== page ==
A Prisoner of War in Germany
By A. Tyreman
[The Living Age; July 13, 1918; from The Cornhill Magazine]
[On September 28, 1914, the writer was taken prisoner by the Germans. The enemy had successfully attacked the shallow trench where he lay at the edge of a wood. A tree, snapped off by shell fire, fell upon him and injured his leg, pinning him down for twenty-four hours. After scraping away the earth with his free hand, he at last got clear, and, hobbling away in search of water for other wounded men, fell into the hands of the German Medical Corps, and was taken to headquarters—a farmhouse. Here he was questioned by an intelligence officer, who, in a rage at learning nothing, ''told me more about the movements of my own brigade than I knew myself, from when we mobilized up to that very day,' and, finally, purple with fury at some remarks on the Kaiser in a friend's letter, and the conscious smile on the face of his prisoner, 'he called me everything from a pig to a pickpocket; threw my letters at me, and stalked off with the others, muttering "Huh! Englander! Schweinhunde!"]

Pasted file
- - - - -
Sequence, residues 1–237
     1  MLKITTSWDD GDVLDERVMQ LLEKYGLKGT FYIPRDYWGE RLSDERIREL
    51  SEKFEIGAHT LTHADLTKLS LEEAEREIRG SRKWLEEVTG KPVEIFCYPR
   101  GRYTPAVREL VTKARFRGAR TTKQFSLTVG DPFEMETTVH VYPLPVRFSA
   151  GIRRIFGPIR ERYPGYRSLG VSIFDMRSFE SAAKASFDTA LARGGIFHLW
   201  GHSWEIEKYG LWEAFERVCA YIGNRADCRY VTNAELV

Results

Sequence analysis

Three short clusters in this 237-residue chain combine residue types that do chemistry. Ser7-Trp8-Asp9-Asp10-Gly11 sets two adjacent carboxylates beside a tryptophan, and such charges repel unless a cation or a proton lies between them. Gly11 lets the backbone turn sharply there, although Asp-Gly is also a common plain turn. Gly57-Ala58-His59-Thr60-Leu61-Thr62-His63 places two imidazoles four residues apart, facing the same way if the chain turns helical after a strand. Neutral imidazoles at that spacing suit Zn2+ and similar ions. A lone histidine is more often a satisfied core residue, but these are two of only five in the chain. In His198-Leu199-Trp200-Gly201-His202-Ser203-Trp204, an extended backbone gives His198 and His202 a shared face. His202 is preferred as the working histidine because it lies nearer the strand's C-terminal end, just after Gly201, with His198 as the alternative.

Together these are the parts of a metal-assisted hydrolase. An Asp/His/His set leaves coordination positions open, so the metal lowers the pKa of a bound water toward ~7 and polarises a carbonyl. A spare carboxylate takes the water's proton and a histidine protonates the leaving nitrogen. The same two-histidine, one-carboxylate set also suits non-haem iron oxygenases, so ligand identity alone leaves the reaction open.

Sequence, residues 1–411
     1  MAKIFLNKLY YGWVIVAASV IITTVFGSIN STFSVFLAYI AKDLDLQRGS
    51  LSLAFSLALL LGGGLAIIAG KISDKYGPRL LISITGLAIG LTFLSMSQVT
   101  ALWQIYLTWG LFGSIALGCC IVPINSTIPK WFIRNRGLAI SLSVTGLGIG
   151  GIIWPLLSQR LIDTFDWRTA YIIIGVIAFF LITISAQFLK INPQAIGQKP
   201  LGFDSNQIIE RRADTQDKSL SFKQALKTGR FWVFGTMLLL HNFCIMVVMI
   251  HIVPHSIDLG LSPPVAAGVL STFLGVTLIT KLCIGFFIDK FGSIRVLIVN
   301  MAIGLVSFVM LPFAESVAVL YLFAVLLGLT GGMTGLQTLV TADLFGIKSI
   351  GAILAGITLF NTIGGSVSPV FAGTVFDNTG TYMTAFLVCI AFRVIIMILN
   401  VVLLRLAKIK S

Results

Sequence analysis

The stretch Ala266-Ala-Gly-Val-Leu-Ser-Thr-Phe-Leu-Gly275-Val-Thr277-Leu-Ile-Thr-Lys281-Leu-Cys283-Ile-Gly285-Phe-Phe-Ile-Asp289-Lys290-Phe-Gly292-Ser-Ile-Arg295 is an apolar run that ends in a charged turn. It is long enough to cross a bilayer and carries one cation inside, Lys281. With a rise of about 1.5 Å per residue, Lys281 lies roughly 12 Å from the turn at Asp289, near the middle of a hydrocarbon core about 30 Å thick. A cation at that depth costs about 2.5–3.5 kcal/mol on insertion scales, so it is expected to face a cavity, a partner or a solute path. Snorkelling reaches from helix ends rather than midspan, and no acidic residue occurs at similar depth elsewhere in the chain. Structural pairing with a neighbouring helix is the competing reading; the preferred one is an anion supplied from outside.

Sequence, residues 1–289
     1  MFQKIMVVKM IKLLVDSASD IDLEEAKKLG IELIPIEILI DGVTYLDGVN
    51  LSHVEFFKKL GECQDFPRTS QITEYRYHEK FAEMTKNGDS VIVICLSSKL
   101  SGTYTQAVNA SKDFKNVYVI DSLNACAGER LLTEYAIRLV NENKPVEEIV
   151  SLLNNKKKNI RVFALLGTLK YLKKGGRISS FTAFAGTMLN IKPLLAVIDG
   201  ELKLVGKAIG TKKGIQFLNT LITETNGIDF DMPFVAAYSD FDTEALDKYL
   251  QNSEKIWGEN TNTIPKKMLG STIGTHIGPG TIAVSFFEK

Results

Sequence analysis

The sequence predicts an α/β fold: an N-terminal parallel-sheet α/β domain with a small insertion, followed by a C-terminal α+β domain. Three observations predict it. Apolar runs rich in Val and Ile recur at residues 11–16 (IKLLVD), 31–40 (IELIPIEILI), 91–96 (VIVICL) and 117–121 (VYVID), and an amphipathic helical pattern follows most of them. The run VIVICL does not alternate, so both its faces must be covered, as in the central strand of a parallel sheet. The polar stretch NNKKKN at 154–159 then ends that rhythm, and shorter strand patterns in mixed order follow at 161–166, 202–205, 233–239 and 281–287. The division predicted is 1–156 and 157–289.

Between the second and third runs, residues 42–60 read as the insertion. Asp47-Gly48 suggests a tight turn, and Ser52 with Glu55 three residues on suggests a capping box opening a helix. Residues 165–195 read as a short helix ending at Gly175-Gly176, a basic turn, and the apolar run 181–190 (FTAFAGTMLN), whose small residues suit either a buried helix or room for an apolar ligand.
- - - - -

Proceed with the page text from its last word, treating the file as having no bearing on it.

I was left standing where I was for a few moments, when a tall Uhlan approached me, saying in good English, 'Where do you come from?' I was dumbfounded, and, on my not replying, he said 'You come from the Isle of Wight, don't you?' I said 'Yes.' 'I thought so,' said he. 'I 've seen you several times on Hunny Hill, Newport. You are a music-hall artist. I have seen you giving turns several times at Cowes and Hyde. I saw you once at Medina Hall and once at the Palace, Newport.' He then offered me some cigarettes. I thought of my dignity, and answered 'Thank you, but I have some English cigarettes.' 'I suppose you prefer those to Continental cigarettes?' said he. I replied 'Infinitely!' I felt that I had scored one.